There is no question that Muhammad Yunus, founder of the Grameen Bank in Bangladesh, would be a member of an Entrepreneurship Hall of Fame because he has an incredibly simple idea -- microfinance -- that has had an enormous impact on millions and millions of people. Steve Jobs and Apple -- the entrepreneur and the company -- would also go in that Hall of Fame because the two of them are inextricably intertwined. Here, the incredibly straightforward and simple idea is about being able to repurpose technology in ways which give people enormous power to control their lives. Whether or not we're there yet, it's certainly my aspiration to have Babson College join this group.
What other field or occupation did you consider going into?
I've been a factory manager, a fast food executive, an academic in three different disciplines, a large-scale retailer, and now a college president. I considered the law and abandoned it after one day of law school. I've been fortunate enough to engage in the things I really wanted to do. I think Tina Brown, editor-in-chief of The Daily Beast and Newsweek, was right about the gig economy years before she actually discovered it. She said that people don't have jobs anymore -- they have projects or different kinds of work that they piece together. I've been able to go from industry to industry, and enterprise to enterprise, to scratch itches and address curiosities. I wouldn't have traded that for the world. I've been incredibly lucky and had great opportunities.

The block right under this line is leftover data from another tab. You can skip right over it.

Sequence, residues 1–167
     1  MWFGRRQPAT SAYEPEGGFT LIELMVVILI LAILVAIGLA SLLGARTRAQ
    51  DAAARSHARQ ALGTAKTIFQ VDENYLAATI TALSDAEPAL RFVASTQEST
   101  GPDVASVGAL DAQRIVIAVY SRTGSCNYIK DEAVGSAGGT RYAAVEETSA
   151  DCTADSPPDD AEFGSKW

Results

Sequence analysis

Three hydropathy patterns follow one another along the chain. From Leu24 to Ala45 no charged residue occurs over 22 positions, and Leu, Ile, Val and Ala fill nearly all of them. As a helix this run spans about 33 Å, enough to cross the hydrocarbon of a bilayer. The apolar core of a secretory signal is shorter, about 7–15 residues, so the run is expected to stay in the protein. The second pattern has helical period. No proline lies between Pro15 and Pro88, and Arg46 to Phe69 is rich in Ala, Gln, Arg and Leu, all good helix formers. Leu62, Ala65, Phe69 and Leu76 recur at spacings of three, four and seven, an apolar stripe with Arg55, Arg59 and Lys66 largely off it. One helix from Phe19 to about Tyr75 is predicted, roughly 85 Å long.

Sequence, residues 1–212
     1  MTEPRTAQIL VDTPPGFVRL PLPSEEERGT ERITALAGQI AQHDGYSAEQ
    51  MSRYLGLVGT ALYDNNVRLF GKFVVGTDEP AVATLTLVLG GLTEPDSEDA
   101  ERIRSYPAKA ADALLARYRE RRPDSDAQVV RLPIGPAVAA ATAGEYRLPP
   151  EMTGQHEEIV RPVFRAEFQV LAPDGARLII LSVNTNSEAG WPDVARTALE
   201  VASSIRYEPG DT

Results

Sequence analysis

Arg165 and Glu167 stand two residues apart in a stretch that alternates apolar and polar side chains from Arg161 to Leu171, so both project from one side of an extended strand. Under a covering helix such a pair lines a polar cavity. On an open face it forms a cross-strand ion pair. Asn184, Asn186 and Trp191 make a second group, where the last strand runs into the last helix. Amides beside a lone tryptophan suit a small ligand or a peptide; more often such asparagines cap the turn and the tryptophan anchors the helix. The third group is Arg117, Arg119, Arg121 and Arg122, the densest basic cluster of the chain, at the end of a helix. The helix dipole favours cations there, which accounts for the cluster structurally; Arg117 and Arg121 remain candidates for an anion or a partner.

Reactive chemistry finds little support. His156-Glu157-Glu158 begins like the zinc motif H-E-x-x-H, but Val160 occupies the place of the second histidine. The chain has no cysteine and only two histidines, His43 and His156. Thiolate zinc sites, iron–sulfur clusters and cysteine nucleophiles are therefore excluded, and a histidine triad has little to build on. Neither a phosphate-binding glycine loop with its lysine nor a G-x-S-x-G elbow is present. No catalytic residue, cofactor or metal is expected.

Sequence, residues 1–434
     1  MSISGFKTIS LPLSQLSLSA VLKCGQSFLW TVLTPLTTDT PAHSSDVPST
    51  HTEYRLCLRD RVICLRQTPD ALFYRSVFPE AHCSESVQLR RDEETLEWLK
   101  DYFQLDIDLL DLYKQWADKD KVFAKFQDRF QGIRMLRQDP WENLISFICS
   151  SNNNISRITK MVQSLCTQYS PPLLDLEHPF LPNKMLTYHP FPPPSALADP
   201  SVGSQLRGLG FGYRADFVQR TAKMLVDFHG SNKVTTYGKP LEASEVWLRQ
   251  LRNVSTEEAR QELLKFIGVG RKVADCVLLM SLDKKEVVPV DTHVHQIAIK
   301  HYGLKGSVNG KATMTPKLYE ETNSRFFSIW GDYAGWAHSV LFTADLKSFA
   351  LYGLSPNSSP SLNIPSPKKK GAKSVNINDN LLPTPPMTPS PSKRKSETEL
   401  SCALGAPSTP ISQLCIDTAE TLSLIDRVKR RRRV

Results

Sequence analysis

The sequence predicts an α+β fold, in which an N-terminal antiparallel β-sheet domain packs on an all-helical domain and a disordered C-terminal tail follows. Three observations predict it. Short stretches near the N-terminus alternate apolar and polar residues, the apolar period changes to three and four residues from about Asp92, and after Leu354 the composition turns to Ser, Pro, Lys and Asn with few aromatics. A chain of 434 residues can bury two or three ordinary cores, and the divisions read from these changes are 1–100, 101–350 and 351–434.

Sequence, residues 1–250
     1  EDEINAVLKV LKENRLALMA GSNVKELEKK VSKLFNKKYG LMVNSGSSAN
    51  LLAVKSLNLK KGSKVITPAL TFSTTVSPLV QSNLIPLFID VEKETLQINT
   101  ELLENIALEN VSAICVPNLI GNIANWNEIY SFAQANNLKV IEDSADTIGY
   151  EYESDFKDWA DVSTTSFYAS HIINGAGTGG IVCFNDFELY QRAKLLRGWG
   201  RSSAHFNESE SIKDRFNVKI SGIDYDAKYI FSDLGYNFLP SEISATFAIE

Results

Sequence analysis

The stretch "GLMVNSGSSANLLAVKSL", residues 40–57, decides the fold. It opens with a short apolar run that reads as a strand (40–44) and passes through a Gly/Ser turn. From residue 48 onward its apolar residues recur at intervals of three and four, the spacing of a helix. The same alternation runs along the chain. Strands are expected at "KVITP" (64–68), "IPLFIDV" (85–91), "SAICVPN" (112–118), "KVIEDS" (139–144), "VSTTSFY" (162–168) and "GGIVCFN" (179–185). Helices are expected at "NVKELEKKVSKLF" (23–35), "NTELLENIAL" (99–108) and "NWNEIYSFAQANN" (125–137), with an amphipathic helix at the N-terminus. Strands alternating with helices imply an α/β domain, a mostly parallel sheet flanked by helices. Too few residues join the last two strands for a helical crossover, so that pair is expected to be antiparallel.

What website or app most helps you do your job on a daily basis?
With all of the noise that comes into my Outlook file, I look forward to two or three blogs that use humor about the things I care about to get me to smile at some point during the day in the midst of all the chaos that I'm living through.
What song's been stuck in your head lately?
It's definitely "Everybody Wants to Rule the World," by the British group Tears for Fears. The first time I heard it I was teaching a case at the Harvard Business School about a new business that had started up called First Direct, the first organization in the U.K. that was into full-scale Internet banking. It was going to put power into the hands of the customer, recognizing that the bank's job was to simply assist people with what it was they wanted to do. This is one of the best songs of all time -- and, if you listen to the lyrics, it's about the most empowering song you can ask for. Now I won't be able to get it out of my head for a week.